This looks like it has the potential to be what I was hoping someone would make. Looks excellent so far, thanks for sharing!
Once you get used to it, you will actually see that it's even more flexible and easy to write applications and can even benefit your backend code as well. E.g., I have stopped creating models on my backend code and instead, I am writing modules that may query a table, or two tables or talk to another API. I am using them whenever it makes sense to, not just the controllers.
My background is from creating both backend and frontend apps and I hope the above to holds true since I've been there but let me know if I am wrong here.
The client model is different from the server model!
Of course, it is not totally different, but different enough to warrant separate treatment, and the most differences are fundamental, not just differences in detail.
The client model is mostly hierarchical, not a cross-connected graph, so it contains multiple "tree-ifications" of the server model. Also, most parts of the tree have much fewer fields, as not all data fields are meant to show up in the client. And that set of fields might be different in different corners of the client. One server model class might have multiple vastly different representations in the client model, depending on the corner of the user interface.
On top of all that, the client model contains transitional information about the state of the user interface that is not represented in the server model at all, such as which item in a list is selected, which part of a map is shown, which parts of a document are folded or opened, and so on.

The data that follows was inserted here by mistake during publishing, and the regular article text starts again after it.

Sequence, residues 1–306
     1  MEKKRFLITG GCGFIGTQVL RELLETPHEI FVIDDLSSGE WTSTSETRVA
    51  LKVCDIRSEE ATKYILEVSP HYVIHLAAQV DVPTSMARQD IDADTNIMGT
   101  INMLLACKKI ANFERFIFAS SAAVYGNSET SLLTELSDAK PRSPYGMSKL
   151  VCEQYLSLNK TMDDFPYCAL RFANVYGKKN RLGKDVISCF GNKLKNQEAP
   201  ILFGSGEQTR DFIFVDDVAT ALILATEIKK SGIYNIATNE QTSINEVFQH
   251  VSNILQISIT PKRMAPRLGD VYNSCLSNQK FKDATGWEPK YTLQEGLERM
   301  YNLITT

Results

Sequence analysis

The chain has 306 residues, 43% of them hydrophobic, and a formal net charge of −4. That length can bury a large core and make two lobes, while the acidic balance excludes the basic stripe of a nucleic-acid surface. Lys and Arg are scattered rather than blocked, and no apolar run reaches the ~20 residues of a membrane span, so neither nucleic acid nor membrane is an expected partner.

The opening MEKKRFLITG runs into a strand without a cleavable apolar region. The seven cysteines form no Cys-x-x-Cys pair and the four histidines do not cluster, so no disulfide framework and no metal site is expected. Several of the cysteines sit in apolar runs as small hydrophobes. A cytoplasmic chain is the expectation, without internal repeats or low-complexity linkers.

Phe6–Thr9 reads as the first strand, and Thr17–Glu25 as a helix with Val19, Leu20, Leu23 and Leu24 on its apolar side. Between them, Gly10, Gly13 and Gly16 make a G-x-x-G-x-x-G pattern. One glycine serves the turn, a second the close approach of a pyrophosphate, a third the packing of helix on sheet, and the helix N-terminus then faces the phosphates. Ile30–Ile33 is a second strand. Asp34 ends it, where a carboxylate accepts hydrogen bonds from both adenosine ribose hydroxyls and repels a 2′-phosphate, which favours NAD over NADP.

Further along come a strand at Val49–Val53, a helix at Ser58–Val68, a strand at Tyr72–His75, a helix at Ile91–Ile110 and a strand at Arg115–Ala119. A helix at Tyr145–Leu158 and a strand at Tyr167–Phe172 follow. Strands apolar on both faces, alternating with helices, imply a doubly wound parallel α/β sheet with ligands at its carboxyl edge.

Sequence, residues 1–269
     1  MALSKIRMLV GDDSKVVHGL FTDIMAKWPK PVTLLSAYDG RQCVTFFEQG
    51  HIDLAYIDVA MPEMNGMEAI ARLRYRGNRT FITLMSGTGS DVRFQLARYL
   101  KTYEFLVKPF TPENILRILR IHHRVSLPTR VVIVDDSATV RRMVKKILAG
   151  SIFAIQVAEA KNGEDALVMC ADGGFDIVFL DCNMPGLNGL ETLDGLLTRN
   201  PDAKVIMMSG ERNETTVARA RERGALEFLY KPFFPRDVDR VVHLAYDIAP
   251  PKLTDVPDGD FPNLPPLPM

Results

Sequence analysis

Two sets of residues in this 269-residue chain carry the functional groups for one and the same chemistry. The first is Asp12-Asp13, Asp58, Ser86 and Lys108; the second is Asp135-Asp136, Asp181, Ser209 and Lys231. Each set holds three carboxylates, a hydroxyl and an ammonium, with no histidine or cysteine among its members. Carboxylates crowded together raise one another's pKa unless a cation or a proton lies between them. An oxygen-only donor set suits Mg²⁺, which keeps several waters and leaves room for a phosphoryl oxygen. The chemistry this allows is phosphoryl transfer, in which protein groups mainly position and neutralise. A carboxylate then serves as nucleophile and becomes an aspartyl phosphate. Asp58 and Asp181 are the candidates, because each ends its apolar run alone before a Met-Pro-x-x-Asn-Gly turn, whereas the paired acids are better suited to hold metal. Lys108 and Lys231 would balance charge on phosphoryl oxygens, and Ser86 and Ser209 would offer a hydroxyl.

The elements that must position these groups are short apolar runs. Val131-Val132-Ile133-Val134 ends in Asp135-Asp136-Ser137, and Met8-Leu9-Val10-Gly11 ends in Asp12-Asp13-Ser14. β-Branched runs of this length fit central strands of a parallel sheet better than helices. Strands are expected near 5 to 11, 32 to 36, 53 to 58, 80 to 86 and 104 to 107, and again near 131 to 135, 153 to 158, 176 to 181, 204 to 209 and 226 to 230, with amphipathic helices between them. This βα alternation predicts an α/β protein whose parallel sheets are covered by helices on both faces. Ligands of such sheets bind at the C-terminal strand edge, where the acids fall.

Finally, the client model operates mostly in an "open world" fashion, while the server model is a "closed world". I'm using these terms in the meaning of Prolog terminology.
That is, the client must always assume that on server side, there are more records that it currently has, and that each record may have more fields on server side than the client is aware of. So with very few exceptions, the client should always perform minimal changes (insert/update/delete), not bulk changes. And after reach change, it should retrieve a fresh state from the server, because another client might have changed something as well, and because the server might have decided to perform some other changes (update calculated/cached fields) as well.
The server, on the other side, usually has the whole database at its fingertips, so it can safely perform large-scale changes, not just minimal changes.
Vuex, Redux, etc just don't make sense in my brain, so I've never used them. I built this because I wanted something simple to interact with my Laravel backends. Most of what I do is CRUDdy, and this is super helpful for that.
I've been using Django for a decade and there are simple queries that were impossible with the ORM until recently.
If you have to twist the ORM into spitting out the SQL you already know how to build, you know there's something wrong.
New to vue.js and maybe I'm doing things... Wrong? But I don't think I need this.
My approach is very angularJs-esque but I have a root component 'main.vue' which basically acts as my index.html. When I want to send a REST call I've got a method setup which handles GET calls and another for POST calls... I use them how you would call an angular service, and it works... Well (at least I thought so until seeing your post).
Can you explain why I'm stupid and everything I've done is wrong?
Haha I cannot, because you probably aren't stupid and haven't done everything wrong.
The thing I like about this approach is that it removes the need for manually:
1) writing `saveCustomer` or `getCustomer` methods on my vue instance
2) tracking validation errors for each model. So if there's a collection of models on the page, I can super easily show errors for each
3) keeping track of loading indicators
4) applying the server's response to the model.
In your setup, what happens if the HTTP call fails? You have to do something with that error right? What happens if you want to show a spinning indicator that the call is working. If the server returns a response (on say a fetch or an index), what do you do with that response?